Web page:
Saturday, August 27 presents
Nancy Aulenbach

Journey Into Amazing Caves
April 5, 2001

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CC498: Hi, Nancy. I have an extreme fear of caves. How would you suggest I go about conquering those fears? Seeing some highlights of this amazing movie makes me feel like I am missing something by not exploring caves myself!

Nancy Aulenbach: Try visiting some show caves. Those are caves with paved walkways and electrical lights. Contact the National Caves Association at That will give you a listing of all the commercial caves throughout the U.S. You can get hooked up that way.

Scooter: As a beginning cave photographer, I am wondering about ideas to transport equipment and the best lighting options that are compact.

Nancy Aulenbach: For transporting your camera, use pelican cases. They're heavy, but bomb proof, and can withstand mud and water. For lighting, slave flashes and flash bulbs are the way to go. Most importantly, some very patient friends to help out. And lots of warm clothing.

Bill: Nancy, I understand you and your co-star in this film had not met before. Have you since been on other spelunking adventures together?

Nancy Aulenbach: Yes. We have become very good buddies and enjoy caving together when we get a chance. But it's difficult because she lives in Colorado and I live in Georgia.

Jaqui: How many different caves were explored during filming?

Nancy Aulenbach: Goodness, let me think about that one. Six or seven caves. I don't really remember how many.

Shona: Nancy, what has been your favorite or most spectacular cave so far?

Nancy Aulenbach: Of all the caves I've explored, I would have to say the one cave that actually brought me to tears from its sheer beauty was Lechuguilla Cave in New Mexico. It's in Carlsbad National Park. And it's only open to experienced cavers for scientific research only. I've been there twice. Once on a 7-day trip in the cave. The other was a 5-day trip. The cave formations are truly world class!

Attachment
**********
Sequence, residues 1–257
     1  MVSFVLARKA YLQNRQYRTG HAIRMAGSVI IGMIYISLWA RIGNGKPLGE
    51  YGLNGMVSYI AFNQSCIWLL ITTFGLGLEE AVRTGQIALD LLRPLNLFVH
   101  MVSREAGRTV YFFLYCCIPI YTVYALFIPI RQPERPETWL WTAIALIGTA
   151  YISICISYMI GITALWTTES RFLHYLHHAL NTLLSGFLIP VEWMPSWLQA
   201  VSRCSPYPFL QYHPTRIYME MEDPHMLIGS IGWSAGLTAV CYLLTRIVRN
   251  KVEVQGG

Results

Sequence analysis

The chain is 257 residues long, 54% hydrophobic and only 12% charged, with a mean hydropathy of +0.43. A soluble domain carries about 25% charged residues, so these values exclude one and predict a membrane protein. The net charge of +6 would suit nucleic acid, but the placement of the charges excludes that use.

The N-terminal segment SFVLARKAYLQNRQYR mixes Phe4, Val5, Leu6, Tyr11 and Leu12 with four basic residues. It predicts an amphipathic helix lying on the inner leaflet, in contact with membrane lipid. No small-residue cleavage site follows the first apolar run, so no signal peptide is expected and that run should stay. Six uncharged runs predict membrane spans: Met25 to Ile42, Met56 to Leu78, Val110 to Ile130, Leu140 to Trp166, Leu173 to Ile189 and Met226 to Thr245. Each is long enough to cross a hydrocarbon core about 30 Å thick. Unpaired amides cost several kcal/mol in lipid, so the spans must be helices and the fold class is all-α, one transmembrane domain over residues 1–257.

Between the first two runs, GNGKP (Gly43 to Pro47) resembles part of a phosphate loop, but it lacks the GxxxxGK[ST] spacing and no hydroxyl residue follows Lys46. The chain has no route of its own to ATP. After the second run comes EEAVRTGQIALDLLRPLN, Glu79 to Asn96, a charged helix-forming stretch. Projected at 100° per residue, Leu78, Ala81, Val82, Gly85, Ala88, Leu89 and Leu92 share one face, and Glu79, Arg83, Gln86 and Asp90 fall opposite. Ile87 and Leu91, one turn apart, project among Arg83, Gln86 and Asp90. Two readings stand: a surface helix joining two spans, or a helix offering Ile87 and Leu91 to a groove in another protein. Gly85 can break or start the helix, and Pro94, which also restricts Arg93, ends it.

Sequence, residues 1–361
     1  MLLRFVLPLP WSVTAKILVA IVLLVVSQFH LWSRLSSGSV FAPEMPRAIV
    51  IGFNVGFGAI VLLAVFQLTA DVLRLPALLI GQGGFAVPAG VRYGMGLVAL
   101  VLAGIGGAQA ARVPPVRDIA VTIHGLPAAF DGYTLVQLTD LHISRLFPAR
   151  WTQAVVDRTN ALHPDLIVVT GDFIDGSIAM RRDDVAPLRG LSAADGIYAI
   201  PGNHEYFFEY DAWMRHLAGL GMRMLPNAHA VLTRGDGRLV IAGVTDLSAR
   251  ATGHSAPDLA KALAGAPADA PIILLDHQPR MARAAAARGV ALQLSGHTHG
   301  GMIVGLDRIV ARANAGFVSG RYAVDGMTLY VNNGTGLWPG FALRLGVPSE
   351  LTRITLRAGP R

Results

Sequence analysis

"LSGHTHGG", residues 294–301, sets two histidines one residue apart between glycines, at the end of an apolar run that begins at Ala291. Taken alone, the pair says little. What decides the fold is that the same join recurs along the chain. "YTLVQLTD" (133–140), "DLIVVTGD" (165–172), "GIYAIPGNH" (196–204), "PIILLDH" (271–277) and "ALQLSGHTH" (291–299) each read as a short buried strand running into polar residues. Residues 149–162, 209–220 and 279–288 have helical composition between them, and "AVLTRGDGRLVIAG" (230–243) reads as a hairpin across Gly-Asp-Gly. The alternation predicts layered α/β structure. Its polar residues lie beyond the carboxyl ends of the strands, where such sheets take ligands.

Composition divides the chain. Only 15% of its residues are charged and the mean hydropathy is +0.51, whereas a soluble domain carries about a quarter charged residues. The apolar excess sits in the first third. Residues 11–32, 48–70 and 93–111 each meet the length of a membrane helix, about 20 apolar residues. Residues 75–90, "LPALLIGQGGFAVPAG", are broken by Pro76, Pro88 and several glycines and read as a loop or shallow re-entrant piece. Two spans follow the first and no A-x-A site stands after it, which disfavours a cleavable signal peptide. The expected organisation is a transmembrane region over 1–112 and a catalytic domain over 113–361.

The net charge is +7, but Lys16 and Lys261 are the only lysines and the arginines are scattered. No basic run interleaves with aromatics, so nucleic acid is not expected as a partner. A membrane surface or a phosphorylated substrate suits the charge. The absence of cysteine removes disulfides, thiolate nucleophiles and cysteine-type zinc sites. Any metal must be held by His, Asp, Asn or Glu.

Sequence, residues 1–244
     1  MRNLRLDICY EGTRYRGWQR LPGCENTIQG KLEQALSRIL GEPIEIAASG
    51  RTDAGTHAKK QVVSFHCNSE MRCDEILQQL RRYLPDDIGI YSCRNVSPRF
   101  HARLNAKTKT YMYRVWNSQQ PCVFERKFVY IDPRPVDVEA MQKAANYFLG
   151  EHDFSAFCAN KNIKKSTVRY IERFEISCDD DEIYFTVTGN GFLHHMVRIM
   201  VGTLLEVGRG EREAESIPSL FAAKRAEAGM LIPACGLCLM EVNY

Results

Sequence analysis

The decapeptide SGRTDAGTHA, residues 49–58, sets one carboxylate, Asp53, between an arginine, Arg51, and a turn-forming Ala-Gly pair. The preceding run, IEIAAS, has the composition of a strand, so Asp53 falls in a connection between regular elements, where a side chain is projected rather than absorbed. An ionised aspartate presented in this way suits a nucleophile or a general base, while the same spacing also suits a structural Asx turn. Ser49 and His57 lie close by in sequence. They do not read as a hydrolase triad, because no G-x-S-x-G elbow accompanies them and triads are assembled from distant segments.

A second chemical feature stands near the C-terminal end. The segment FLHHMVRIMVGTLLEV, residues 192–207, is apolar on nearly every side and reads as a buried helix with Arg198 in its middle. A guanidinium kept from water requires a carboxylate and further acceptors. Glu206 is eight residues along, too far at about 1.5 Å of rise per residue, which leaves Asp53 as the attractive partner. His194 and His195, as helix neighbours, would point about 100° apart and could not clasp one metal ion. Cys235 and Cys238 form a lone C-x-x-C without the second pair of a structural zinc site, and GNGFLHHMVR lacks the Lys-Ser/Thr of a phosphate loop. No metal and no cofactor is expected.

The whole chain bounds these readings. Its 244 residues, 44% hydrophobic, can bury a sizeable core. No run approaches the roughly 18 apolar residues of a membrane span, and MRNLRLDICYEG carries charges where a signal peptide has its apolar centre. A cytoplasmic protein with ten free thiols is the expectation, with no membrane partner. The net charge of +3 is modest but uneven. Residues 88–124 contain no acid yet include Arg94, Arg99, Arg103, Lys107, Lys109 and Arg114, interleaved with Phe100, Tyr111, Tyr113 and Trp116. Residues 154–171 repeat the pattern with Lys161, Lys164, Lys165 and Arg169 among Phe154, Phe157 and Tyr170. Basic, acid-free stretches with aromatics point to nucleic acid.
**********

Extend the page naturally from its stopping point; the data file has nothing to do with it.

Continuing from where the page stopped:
Myrthynn: The caves featured in this movie posed a wide variety of physical challenge. Which cave site was the hardest for you?

Nancy Aulenbach: I guess the Greenland caves were the most challenging for me because we had to wear so much gear to keep us warm, as well as crampons on our boots, so we had a difficult time maneuvering on our ropes, and also had to be careful not to slice our ropes in two.

Soo What: Do you have any sorts of fears or are you afraid of anything when you cave?

Nancy Aulenbach: Ok, I'll be honest about this one. (smile) I have an unbearable fear of cave crickets, but it's not without just cause. When I was four years old, caving with my Dad and one of my brothers, we explored a very small cave, crawling on our hands and knees, where there were cave crickets all over the ceiling and walls. My helmet barely touched the ceiling and sheets of crickets went down into my clothing. ARGH! It made a lasting impression! But it's something I have to deal with every weekend when I go caving. They are everywhere!

Kyres: I was very interested in the search you all are doing for different types of micro-organisms. Have you or any of the cavers discovered ones that may be useful as medicines?

Nancy Aulenbach: That's what we're hoping to find in the samples that we collected in these extreme cave environments. Unfortunately, this is not a field for the impatient. It takes several years of lab work to positively identify and work with these microorganisms, to learn how they can be useful for medicinal purposes.

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